Lesson 7: Drilling Locks - Part 3

Drilling the Retainer Bolts
When drilling for the sheer line fails, there is another option. Drilling out the retainer bolts will remove the lock from the door. From here you can use a flat-head screwdriver to draw back the latch and open the door. Drilling for the sheer line is the quickest and cleanest way to drill open a door lock but only works when the tailpiece and cylinder are functioning. When one of these mechanisms fails you will have to drill the retainer bolts from the lock. The retainer bolts are the two long screws found beneath the thumb turn. They hold the deadbolt onto the door. You can drill out the retainer bolts from the front of the lock. On most locks, the retainer bolts are found on the 3o’clock and 9o’clock position.

How to Drill the Retainer Bolts

      1. Put on safety gear.
      2. Set up your tools in an area around you. Pick out an appropriate drill bit to use. Establish where you believe the retainer bolts to be. Typically they are at the 3 and 9o’clock position. You will need to drill both of these. The retainer bolts hold the locking mechanism onto the door. By drilling out the retainer bolts, the front half of the deadbolt will fall from the door.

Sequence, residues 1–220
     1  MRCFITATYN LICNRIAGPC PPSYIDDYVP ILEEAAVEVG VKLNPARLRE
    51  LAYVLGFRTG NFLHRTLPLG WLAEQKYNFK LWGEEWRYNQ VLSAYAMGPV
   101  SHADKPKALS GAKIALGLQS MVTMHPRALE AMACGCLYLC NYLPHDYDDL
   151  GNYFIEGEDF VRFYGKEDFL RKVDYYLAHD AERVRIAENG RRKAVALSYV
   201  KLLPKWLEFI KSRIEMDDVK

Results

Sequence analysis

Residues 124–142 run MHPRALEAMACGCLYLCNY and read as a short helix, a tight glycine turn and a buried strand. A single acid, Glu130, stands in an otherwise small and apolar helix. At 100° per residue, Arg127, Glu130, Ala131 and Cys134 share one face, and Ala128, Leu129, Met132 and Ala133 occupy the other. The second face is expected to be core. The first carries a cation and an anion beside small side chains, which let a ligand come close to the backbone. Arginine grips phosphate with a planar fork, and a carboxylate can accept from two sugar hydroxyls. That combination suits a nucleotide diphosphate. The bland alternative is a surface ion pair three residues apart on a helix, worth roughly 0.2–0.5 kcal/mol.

3. Drill pilot holes to ensure you are hitting the retainer bolts. The retainer bolts will look like metal rods inside the lock.
      4. Drill the retainer bolts. You want to go in as straight as you can. Apply a light amount of forward pressure. If you apply to much pressure you will break your bit. Visually check your progress as you go. You are trying to drill the bolts so that they no longer connect to the front of the deadbolt.
      5. Once you have drilled the retainer bolts you should be able to remove the face of the deadbolt from the door. It may fall off easily or you may have to put in some force to remove the lock from the door.
      6. Once the lock is removed, insert a Flathead screwdriver into the latch where the tailpiece fits. Turn your screwdriver to draw back the latch. The door should now open.

Congratulations! You have successfully drilled a lock!

Series Navigation<< 07 Part 2 – Drilling a deadbolt cylinder07 Part 4 – When to Drill and when not to Drill? >>

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